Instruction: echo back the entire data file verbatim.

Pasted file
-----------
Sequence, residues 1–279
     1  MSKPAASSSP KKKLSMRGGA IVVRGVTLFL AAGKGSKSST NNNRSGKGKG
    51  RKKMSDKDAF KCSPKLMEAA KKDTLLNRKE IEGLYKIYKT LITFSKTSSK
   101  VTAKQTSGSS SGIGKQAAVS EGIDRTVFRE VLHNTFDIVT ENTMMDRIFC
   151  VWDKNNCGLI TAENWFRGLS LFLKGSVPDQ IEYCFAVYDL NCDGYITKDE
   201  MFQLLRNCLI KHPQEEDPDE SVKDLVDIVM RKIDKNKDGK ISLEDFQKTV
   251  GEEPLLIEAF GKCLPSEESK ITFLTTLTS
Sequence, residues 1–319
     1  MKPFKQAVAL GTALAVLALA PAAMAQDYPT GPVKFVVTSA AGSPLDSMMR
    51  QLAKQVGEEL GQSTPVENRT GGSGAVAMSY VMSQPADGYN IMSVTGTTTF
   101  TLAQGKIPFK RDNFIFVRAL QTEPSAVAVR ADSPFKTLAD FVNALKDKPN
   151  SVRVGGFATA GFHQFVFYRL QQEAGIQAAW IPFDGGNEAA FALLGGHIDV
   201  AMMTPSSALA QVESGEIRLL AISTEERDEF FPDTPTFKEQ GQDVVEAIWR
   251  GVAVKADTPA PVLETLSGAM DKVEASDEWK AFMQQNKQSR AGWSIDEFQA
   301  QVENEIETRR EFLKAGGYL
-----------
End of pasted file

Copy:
Sequence, residues 1–279
     1  MSKPAASSSP KKKLSMRGGA IVVRGVTLFL AAGKGSKSST NNNRSGKGKG
    51  RKKMSDKDAF KCSPKLMEAA KKDTLLNRKE IEGLYKIYKT LITFSKTSSK
   101  VTAKQTSGSS SGIGKQAAVS EGIDRTVFRE VLHNTFDIVT ENTMMDRIFC
   151  VWDKNNCGLI TAENWFRGLS LFLKGSVPDQ IEYCFAVYDL NCDGYITKDE
   201  MFQLLRNCLI KHPQEEDPDE SVKDLVDIVM RKIDKNKDGK ISLEDFQKTV
   251  GEEPLLIEAF GKCLPSEESK ITFLTTLTS
Sequence, residues 1–319
     1  MKPFKQAVAL GTALAVLALA PAAMAQDYPT GPVKFVVTSA AGSPLDSMMR
    51  QLAKQVGEEL GQSTPVENRT GGSGAVAMSY VMSQPADGYN IMSVTGTTTF
   101  TLAQGKIPFK RDNFIFVRAL QTEPSAVAVR ADSPFKTLAD FVNALKDKPN
   151  SVRVGGFATA GFHQFVFYRL QQEAGIQAAW IPFDGGNEAA FALLGGHIDV
   201  AMMTPSSALA QVESGEIRLL AISTEERDEF FPDTPTFKEQ GQDVVEAIWR
   251  GVAVKADTPA PVLETLSGAM DKVEASDEWK AFMQQNKQSR AGWSIDEFQA
   301  QVENEIETRR EFLKAGGYL